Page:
- 1 1/3 cups pecan pieces
After you put the pecans inside each cup, you can carefully dip them down into the mixture to let them get covered somewhat, and they'll rise back to the top while baking.
As you can see, I bake mine on a perforated baking sheet. Use a cookies sheet if you don't have one of these. I'm assuming that a cookie sheet will have similar results and need the same baking time.
I baked these for 30 minutes, but oven temperatures vary greatly. You may need to add or subtract a few minutes to get yours just right.
After they cool down a little while, the mini pecan tartlets should lift right out from the bottoms just by pushing the center rim upward. You may need to gently slide a thin knife or spreader along the bottom to release the crust from the non-stick surface.
Most of them should come out easily and you will be so excited the first time you remove it from the tart pan and see the gorgeous fluted edge. It's hard to resist sinking your teeth into one right then and there.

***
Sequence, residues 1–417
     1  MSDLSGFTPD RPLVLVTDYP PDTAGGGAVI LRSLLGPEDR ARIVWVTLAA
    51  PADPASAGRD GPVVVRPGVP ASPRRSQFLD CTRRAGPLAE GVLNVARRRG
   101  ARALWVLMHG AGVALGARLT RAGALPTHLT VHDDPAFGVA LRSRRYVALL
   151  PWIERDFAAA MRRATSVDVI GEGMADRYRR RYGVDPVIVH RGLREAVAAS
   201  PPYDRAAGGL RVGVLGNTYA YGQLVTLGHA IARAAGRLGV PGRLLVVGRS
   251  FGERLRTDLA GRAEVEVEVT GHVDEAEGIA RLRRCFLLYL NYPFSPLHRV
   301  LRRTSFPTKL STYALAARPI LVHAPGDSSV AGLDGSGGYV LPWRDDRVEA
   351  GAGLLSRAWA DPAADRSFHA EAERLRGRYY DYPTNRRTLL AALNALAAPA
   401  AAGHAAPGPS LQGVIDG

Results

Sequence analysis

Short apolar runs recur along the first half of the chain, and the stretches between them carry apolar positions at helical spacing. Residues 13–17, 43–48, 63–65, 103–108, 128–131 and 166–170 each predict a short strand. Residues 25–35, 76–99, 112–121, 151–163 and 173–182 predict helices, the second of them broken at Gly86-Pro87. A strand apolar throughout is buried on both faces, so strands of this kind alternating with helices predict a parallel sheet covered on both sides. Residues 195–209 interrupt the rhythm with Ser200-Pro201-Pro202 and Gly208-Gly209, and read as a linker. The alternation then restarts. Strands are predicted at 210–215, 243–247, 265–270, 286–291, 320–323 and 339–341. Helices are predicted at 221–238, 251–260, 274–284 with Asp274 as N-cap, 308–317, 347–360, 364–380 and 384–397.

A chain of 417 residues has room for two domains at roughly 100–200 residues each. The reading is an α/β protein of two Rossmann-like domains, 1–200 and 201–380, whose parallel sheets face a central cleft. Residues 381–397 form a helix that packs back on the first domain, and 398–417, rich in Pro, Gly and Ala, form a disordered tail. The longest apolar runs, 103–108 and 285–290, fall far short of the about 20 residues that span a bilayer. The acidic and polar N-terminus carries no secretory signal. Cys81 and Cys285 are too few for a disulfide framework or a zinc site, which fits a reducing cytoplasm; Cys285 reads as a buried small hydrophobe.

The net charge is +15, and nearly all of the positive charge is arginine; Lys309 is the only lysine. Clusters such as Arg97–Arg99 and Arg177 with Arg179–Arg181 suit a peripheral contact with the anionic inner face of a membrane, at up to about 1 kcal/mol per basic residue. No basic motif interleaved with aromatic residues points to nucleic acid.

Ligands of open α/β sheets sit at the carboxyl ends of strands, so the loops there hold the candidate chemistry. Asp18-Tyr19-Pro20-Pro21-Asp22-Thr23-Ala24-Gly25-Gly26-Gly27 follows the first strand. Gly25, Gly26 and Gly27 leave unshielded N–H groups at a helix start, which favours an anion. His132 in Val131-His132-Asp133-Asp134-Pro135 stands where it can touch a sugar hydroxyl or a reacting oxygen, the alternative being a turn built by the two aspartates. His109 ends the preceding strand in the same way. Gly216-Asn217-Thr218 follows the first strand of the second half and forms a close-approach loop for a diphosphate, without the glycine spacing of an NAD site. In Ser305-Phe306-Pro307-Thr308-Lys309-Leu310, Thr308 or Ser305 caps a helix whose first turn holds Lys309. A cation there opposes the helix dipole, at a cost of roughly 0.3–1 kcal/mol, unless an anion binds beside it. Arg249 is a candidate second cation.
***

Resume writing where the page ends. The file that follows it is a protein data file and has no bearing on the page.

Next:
You'll be delighted at their cuteness, how they are slightly bigger than a cookie.
When you look at it like that, you might as well take a bite. Besides, there are still five more left. My husband detests pecans, so unless I want eat the whole thing, it's easy to package these little goodies up to give to a friend. I used a clear cellophane bag and pitched the boring, unattractive twist tie, and used some pretty ribbon to close it off.
Finally, you can attach a small 3" x 3" little love note with festive washitape to finish the gift and make someone's day.
Alternate crust option: If you prefer to make your own pie crust, add 1 1/4 cup flour, then with a pastry blender, mix in 1/3 cup Crisco shortening, and a little bit of cold water to form a ball.
Saturday, January 11, 2014
Toasted homemade canape bread that I baked in a metal flower-shaped tube accents a mini crab salad for an individual serving. I bought the adorable mini flare dish in a set of 24, which includes twelve flares and twelve petite tasting spoons, from Pier 1 Imports. Love them!